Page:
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How to Harvest Loofah

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How to Harvest Loofah

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Overview

Loofah is also spelled luffa or lufa. It is a member of the Cucurbitaceae family which includes pumpkins and cucumbers. Loofah fruit is processed after harvesting to produce the common loofah sponge. It has been cultivated for hundreds of years. The loofah plant produces annual vines over 12-feet long. The plant is cold-sensitive and requires a very long growing season in order to mature into a dried sponge. Loofah seeds have slow sprouting times and resent transplanting. Loofahs are heavy feeders and require fertile soil to thrive. They also need a strong support system like a fence or trellis.

Step 1

Allow the loofah fruit to vine ripen. Towards the end of summer the mature loofah fruits will loose weight. Their skin turns yellow or brown as they mature.

Step 2

Cut the loofahs off the vines with a sharp knife once a hard frost kills the loofah plants. Once the plants die, the loofahs stop maturing.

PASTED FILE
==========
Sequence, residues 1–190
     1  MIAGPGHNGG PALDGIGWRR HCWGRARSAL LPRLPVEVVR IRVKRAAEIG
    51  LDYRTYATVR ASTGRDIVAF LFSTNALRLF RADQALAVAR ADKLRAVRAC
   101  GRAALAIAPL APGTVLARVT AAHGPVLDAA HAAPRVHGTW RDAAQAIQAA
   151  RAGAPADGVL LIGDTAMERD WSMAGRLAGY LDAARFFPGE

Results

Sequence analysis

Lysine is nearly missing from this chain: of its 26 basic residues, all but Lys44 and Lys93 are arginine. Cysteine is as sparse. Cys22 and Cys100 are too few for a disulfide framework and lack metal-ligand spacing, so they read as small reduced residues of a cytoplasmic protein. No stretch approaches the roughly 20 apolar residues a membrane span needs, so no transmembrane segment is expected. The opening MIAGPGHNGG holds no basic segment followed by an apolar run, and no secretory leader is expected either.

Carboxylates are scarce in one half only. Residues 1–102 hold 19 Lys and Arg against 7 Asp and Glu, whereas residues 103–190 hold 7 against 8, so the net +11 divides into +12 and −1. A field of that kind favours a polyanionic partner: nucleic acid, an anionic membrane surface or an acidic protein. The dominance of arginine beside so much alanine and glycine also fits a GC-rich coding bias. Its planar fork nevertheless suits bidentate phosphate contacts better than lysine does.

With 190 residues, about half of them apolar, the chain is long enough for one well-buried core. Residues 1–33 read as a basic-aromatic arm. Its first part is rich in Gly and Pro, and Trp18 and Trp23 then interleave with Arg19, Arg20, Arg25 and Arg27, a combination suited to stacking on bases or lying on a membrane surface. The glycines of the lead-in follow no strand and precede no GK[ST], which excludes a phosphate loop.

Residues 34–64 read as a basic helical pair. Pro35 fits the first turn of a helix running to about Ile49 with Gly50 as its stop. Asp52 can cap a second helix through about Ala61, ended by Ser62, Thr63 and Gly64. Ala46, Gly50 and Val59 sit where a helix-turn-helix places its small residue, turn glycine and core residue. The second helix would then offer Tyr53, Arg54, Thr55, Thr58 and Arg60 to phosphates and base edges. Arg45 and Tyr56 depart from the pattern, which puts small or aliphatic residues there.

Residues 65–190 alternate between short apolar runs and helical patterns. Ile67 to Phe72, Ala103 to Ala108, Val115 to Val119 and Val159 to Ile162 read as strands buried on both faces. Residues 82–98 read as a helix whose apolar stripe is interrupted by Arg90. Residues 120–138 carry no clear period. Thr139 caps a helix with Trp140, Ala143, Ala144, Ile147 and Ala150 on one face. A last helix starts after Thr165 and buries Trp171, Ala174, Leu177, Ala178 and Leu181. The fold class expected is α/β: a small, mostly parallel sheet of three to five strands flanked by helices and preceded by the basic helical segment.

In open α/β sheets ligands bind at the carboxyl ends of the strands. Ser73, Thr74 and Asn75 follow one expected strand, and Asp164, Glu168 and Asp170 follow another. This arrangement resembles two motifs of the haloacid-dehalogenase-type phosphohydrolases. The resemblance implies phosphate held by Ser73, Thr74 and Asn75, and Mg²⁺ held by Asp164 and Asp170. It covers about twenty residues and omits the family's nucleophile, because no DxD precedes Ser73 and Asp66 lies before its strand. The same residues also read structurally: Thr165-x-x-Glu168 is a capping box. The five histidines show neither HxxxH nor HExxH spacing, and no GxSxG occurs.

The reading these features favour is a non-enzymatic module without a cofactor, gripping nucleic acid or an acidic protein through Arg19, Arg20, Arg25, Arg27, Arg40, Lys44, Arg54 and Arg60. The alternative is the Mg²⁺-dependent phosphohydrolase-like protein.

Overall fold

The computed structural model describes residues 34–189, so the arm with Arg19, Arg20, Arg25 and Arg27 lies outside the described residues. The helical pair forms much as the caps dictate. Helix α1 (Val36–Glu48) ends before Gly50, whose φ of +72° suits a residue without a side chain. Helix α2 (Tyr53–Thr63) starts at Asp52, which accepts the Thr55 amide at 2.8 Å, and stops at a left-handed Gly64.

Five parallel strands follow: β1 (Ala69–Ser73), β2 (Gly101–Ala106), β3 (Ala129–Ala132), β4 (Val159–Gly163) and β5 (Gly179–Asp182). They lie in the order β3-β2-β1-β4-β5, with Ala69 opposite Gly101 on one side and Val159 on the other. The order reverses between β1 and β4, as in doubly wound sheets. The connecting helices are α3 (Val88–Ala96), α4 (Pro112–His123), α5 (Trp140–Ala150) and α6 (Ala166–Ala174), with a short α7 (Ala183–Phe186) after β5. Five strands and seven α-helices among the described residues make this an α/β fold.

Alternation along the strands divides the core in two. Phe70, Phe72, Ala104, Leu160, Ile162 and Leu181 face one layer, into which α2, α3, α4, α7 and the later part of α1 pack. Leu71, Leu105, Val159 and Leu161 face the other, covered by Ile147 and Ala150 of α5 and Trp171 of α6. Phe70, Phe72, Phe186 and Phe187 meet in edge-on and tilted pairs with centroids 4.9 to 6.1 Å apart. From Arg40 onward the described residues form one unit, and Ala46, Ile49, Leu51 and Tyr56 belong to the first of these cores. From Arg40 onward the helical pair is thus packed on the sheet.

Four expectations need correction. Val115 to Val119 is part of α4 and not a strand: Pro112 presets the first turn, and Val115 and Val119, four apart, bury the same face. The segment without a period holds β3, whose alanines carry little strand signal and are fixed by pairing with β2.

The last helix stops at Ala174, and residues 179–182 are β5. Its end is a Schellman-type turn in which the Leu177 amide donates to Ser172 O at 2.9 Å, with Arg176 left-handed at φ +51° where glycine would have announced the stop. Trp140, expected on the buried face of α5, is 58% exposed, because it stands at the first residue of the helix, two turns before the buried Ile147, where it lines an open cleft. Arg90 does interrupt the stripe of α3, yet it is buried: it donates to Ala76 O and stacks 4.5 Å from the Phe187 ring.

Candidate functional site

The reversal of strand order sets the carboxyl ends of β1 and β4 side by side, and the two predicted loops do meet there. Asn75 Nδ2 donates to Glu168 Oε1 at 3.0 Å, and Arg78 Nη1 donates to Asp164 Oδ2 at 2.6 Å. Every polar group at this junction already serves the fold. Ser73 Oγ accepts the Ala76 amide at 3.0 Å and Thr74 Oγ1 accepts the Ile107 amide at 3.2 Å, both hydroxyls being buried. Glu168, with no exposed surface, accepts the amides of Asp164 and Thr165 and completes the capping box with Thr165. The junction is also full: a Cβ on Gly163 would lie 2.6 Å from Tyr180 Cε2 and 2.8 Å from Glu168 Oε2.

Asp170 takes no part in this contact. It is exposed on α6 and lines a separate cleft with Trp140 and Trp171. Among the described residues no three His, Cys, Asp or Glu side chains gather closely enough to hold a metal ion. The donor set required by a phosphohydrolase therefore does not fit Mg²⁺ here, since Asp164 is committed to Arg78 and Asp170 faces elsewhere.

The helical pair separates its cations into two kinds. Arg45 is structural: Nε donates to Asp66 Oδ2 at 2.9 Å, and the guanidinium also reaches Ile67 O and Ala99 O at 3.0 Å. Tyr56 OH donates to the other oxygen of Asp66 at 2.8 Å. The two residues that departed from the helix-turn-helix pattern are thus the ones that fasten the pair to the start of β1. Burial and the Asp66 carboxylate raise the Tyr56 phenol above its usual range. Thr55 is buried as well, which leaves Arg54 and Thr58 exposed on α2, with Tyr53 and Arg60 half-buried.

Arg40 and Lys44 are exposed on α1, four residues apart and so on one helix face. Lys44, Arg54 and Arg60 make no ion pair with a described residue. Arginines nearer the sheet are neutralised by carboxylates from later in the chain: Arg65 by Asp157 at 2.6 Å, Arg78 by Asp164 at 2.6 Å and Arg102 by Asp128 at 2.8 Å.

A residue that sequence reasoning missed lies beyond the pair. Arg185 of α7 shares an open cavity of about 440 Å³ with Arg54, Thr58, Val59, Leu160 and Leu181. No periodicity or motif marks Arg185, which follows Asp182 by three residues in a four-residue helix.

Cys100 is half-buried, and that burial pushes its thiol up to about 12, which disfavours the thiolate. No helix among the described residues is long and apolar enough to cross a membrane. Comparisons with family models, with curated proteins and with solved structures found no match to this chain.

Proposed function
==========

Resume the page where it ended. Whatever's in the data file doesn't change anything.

Step 3

Remove the loofah plants from the planting area. Add the dead loofah plants to your compost pile. By removing plant debris, you eliminate insect hiding places and plant disease hosts.

Step 4

Lay the loofah fruits out to dry in a warm area with low humidity. Turn the fruit every couple of days.

Step 5

Check the loofah fruit every couple of days by shaking them. If you hear the seeds rattling inside, then the loofahs are ready to be processed into sponges.

Tips and Warnings

  • Keep loofah fruit off the ground. If it develops rotten spots or holes, throw the fruit out. Loofah fruits can weight up to 3 lbs. so needs to be supported off the ground.

Things You'll Need

  • Loofah vines with fruit
  • Sharp knife

References

  • Texas A&M University Extension (PDF)
  • Purdue University Extension
Keywords: loofah, harvest loofah plant, harvest loofah sponges

About this Author

Karen Carter has spent the last three years working as a technology specialist in the public school system. This position included hardware/software installation, customer support, and writing training manuals. She also spent four years as a newspaper editor/reporter at the Willapa Harbor Herald.